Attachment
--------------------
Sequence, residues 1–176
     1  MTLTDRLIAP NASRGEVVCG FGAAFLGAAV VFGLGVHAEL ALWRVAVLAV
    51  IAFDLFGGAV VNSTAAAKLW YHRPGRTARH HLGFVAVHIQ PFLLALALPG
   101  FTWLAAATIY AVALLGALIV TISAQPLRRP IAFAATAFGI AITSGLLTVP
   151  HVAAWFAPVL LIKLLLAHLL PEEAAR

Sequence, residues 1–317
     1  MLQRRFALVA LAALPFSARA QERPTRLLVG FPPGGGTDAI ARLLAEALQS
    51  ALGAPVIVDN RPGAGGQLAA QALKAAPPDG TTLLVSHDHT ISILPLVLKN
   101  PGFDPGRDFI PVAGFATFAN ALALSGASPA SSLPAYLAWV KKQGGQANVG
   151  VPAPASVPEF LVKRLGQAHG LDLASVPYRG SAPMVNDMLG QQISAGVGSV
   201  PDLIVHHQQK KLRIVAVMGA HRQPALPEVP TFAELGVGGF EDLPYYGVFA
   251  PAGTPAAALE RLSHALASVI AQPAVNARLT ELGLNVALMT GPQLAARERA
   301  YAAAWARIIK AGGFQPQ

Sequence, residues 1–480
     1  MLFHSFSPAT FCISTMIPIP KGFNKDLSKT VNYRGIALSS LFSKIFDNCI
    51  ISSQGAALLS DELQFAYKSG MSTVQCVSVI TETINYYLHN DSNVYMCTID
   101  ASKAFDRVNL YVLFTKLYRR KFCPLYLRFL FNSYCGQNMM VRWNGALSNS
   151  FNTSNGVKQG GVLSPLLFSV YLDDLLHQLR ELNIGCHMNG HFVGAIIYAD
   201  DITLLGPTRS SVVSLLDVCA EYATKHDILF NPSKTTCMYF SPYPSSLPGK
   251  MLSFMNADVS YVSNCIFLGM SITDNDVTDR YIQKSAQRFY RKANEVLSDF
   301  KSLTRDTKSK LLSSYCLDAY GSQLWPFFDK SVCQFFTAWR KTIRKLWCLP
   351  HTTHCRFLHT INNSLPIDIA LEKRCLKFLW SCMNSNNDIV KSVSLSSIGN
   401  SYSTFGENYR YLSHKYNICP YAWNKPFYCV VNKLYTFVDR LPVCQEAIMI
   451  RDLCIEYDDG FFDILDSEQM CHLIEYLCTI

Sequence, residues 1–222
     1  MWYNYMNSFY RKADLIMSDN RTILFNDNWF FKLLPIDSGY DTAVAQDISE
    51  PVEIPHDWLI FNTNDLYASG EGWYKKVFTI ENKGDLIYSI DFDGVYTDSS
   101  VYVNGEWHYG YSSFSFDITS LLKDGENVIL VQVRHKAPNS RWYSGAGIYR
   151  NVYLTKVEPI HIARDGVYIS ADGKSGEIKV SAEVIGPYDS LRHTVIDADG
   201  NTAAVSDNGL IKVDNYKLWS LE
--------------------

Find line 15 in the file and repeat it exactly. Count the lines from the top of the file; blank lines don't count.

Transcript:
     1  MLFHSFSPAT FCISTMIPIP KGFNKDLSKT VNYRGIALSS LFSKIFDNCI